Some of the more established scholarship funding models have been struggling to keep up with the level of demand.
Michelle Boehm, research and evaluation analyst for the Helios Education Foundation, said the desire to serve minority, low-income, first-generation, and other underrepresented sectors of the student population has helped drive some of the more innovative scholarship funding developments in recent years.
“The evolution of traditional scholarship models has been influenced by an inadequate ability to meet the needs of our nation’s traditionally underrepresented students and a growing recognition that helping students enroll in college isn’t enough,” Boehm said.
She added that tracking the impact and outcomes of scholarship funds that are administered is another significant challenge.
“Students also require support — both financial and non-financial — to persist and complete,” Boehm said.
Boehm and Dr. Paul Perrault — vice president and director of research and evaluation for Helios — are slated to share their findings from a literature review that explored the various ways funders are evolving and innovating in the scholarship space during a session titled, “Scholarship Innovation: Evolving for Greater Student Impact” at the 2017 Florida College Access and Success Summit.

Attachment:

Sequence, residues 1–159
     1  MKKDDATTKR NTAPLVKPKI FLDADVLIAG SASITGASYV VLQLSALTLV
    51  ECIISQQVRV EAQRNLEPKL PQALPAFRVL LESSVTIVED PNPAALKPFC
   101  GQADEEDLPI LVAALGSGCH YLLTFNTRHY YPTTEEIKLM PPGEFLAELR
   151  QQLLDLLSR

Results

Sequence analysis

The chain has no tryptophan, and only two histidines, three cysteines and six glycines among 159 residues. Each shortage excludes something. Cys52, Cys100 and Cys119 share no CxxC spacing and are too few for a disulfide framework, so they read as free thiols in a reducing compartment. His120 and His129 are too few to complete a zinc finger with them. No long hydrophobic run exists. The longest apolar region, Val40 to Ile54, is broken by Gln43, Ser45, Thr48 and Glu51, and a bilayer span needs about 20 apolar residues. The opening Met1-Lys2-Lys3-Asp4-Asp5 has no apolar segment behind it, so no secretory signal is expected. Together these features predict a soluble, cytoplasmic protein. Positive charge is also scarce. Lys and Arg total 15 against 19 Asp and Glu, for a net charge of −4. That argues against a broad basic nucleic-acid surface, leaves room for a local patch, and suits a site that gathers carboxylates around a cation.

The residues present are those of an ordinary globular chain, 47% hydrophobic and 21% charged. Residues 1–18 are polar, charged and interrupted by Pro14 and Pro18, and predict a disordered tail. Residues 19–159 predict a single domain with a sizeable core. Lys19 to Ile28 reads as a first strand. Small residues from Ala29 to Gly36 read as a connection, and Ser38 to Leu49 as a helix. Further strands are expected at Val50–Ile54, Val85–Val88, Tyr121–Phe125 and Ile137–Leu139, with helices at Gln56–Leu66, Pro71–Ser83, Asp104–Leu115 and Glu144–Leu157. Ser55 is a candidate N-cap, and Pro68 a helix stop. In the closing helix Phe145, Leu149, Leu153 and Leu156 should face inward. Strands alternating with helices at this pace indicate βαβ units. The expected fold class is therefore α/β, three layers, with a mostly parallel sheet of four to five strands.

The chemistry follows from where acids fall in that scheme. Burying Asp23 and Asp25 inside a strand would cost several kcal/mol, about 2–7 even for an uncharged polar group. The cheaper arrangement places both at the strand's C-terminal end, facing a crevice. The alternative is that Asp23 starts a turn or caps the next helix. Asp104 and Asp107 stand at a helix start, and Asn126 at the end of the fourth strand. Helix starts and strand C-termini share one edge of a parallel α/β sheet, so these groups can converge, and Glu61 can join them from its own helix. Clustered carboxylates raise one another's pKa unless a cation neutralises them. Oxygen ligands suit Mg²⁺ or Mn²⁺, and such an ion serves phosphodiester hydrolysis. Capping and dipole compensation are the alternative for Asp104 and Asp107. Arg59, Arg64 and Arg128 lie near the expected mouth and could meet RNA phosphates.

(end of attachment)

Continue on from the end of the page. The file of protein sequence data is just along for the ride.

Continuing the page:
Additionally, a trio of scholarship funding pioneers in Florida — Jessica Kleinberger, Destination: Graduation manager for Heart of Florida United Way; Tessa LeSage, director of social innovation and sustainability for the Southwest Florida Community Foundation; and Nancy Stellway, executive director of Take Stock in Children Palm Beach County — will share their experiences during a panel, which will be moderated by Kathleen McDonald, network partnerships manager for Florida College Access Network.
For more information about the Florida College Access and Success Summit, click here.